One sexual predator, when interviewed by the FBI, described his experience with foreign child prostitutes this way: "It's like being a star. They want to try my food. They want to see what clothes I wear. They want to watch my television." Such "stars" are the global consumers of innocence, exercising a particularly brutal form of power over the poorest, most vulnerable children on Earth.
About 25 percent of sex tourists targeting children are from the United States, traveling to Latin America, Asia and Africa in search of abomination on the modified American plan.
Another predator told the FBI that he shouldn't be prosecuted because the girls he used were professionals. In his case, they ranged from 13 to 15 years old. Other transactions involve boys younger than 10. These "professionals" are often recruited by kidnapping or deception. With two or three "customers" a night, they suffer lasting physical damage and become particularly susceptible to venereal disease. They often end their lives as social outcasts, addicted to drugs and alcohol.
The language of commerce -- "professionals" serving "customers" -- is misapplied to violent child abuse.
Until recently, according to Joe Mettimano of World Vision, child sex tourism resulted in "less than a handful of arrests, and fewer convictions." Nations such as Thailand, Cambodia, Costa Rica, Mexico and Brazil were reluctant to admit and confront an embarrassing problem -- a kind of national venereal disease. And these crimes are inherently difficult to prosecute here at home, depending on the testimony of frightened children and evidence gathered in foreign countries.
But since 2003, Mettimano says, there has been "real progress" in ending this impunity -- more than 50 indictments in America for child sex tourism, resulting in over 35 convictions. He praises the Justice Department and U.S. Immigration and Customs Enforcement for their aggressiveness. And he credits Thailand, Cambodia and Costa Rica with "at least making an effort" to oppose child prostitution.
Child sex tourism is not only a story of horrors; it provides an example of how an effective social movement can develop in a matter of years. And this achievement offers some lessons.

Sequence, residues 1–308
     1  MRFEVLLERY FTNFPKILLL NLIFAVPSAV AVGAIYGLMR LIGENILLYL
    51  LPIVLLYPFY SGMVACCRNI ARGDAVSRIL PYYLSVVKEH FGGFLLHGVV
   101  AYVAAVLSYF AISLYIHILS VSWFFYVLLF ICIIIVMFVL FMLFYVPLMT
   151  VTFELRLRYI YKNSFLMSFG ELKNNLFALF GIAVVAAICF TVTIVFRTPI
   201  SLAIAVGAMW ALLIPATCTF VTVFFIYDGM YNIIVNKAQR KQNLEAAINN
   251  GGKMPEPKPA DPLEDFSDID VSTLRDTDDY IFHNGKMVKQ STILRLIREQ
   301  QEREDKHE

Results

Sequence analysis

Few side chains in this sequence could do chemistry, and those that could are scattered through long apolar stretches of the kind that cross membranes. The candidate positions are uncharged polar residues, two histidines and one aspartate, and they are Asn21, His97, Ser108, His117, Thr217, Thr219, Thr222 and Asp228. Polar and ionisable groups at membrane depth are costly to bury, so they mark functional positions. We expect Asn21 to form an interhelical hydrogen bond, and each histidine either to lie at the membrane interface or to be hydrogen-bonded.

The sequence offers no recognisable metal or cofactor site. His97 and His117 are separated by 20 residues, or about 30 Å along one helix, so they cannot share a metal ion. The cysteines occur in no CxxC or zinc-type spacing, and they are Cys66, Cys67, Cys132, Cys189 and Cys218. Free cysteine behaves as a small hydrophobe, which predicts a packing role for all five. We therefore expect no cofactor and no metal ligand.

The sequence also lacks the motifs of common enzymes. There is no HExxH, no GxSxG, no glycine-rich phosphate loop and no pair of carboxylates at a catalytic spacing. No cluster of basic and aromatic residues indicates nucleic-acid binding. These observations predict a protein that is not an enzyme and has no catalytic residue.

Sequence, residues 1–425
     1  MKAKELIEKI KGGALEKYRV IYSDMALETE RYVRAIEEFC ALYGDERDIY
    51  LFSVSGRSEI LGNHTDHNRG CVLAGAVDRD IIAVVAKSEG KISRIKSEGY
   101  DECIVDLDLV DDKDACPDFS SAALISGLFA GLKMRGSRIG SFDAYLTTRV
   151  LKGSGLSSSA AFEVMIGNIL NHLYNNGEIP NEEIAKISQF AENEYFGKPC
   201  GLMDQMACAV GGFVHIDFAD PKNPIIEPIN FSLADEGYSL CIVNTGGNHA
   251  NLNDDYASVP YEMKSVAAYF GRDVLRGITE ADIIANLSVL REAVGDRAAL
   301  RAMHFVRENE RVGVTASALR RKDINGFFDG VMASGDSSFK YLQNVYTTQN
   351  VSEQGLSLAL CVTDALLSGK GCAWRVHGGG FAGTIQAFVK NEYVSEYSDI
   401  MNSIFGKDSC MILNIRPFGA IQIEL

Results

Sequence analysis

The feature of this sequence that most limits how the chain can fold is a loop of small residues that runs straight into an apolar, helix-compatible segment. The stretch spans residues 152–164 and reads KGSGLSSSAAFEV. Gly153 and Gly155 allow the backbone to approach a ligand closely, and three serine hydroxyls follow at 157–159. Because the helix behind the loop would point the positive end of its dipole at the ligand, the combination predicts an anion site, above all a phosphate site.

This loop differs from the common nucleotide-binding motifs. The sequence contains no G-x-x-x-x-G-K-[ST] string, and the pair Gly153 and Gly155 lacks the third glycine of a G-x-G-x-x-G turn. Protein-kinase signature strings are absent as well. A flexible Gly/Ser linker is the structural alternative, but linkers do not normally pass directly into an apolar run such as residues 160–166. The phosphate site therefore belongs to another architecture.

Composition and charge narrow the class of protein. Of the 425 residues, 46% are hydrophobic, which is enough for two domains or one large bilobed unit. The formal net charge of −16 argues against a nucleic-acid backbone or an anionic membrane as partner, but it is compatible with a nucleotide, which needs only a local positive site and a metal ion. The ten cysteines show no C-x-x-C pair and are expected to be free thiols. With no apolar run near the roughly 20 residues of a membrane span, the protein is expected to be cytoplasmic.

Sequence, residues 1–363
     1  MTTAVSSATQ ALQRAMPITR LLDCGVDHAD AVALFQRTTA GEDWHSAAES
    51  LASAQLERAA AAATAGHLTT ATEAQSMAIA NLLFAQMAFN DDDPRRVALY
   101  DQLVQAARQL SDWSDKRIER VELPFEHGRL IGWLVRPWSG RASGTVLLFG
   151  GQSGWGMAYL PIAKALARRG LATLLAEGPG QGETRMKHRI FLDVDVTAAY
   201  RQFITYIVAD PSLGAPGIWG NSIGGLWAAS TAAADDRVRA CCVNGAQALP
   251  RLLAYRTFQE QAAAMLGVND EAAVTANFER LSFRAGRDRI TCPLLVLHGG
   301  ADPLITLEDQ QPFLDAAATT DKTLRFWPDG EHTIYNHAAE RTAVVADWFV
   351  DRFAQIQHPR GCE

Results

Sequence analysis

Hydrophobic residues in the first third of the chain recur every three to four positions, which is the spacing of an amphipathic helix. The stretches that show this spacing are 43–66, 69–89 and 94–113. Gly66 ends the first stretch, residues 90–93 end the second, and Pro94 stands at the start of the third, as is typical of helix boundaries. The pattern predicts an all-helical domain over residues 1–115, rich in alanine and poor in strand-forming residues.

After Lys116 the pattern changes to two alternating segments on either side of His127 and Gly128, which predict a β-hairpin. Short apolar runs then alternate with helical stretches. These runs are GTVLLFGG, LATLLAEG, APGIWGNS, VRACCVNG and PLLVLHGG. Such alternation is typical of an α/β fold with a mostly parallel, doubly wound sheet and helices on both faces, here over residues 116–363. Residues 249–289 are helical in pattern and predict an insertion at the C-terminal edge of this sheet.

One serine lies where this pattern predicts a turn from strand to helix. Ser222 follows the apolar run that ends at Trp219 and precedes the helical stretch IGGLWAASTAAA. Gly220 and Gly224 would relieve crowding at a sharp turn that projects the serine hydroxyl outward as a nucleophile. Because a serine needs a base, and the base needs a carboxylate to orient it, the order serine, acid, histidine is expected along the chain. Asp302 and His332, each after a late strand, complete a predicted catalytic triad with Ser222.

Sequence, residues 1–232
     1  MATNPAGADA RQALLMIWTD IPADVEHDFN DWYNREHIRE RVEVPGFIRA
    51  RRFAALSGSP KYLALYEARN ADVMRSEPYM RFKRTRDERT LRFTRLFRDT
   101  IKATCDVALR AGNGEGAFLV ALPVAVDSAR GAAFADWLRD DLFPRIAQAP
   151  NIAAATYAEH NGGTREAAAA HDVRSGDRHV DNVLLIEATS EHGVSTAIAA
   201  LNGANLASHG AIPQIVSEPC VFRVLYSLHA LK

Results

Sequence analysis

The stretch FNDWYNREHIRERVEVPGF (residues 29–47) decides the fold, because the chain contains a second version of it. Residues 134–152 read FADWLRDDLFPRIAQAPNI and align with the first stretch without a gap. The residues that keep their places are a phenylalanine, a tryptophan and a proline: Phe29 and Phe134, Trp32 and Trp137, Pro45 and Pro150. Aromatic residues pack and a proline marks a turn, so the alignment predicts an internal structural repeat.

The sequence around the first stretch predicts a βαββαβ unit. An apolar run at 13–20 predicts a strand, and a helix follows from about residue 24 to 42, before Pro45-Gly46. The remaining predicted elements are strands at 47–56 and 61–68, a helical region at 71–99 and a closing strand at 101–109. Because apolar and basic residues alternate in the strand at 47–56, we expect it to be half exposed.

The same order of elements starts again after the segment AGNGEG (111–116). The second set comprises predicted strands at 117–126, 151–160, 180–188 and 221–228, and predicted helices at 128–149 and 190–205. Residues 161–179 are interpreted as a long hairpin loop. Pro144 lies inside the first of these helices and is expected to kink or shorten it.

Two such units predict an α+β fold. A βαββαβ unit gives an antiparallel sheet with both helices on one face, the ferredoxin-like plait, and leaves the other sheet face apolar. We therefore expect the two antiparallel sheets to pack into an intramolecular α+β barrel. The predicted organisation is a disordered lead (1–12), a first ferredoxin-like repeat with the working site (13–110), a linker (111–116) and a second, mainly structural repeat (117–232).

First, political leadership is crucial. "President Bush has provided good leadership," says Mettimano, "both on human trafficking and sex tourism." He increased spending on programs to fight the trade; issued an executive order requiring departments to confront the issue; and, in his 2003 address to the U.N. General Assembly, shamed nations that tolerate child prostitution. In any eventual assessment of Bush's foreign policy idealism, his personal engagement on issues such as HIV-AIDS, human trafficking and child sex tourism will need to be taken into account.
Second, legal changes can matter greatly. Before congressional passage of the Protect Act of 2003, prosecutors had to prove that sex tourists went abroad with the intent of molesting children -- something almost impossible to demonstrate. The Protect Act shifted the burden, making predators liable for the act itself. Penalties were doubled from 15 years in prison to 30. And with convictions more likely, law enforcement officials and prosecutors have been more motivated.
Third, religious activism makes a difference on a global scale. For several years conservative Christians have been at the forefront of the campaign against modern slavery, working closely with traditionally liberal human rights groups. Support for human trafficking legislation in 2000 included the unlikely pair of Chuck Colson and Gloria Steinem. This kind of alliance is potent because it communicates a broad national commitment.
These efforts are not unprecedented, and neither is the issue of child prostitution. A House of Lords report in Victorian England found that "juvenile prostitution from an almost incredibly early age is increasing to an appalling extent." In 1885, a crusading editor of the Pall Mall Gazette set out to demonstrate that children could be readily bought and sold in London. He managed to purchase a 13-year-old girl named Elizabeth Armstrong from her mother for 3 pounds sterling on delivery and 2 pounds more when her virginity was confirmed.
The story about Armstrong -- headlined "The maiden tribute of modern Babylon" -- sold a million newspapers in a week and ignited a national scandal. The Salvation Army opened houses of refuge for prostitutes and sent out Midnight Rescue Brigades to counsel young streetwalkers. And the British Parliament quickly increased the age of consent from 13 to 16.
Yet it remains possible in our world to purchase 13-year-olds. Some Americans do it all the time. And it still deserves our outrage and activism.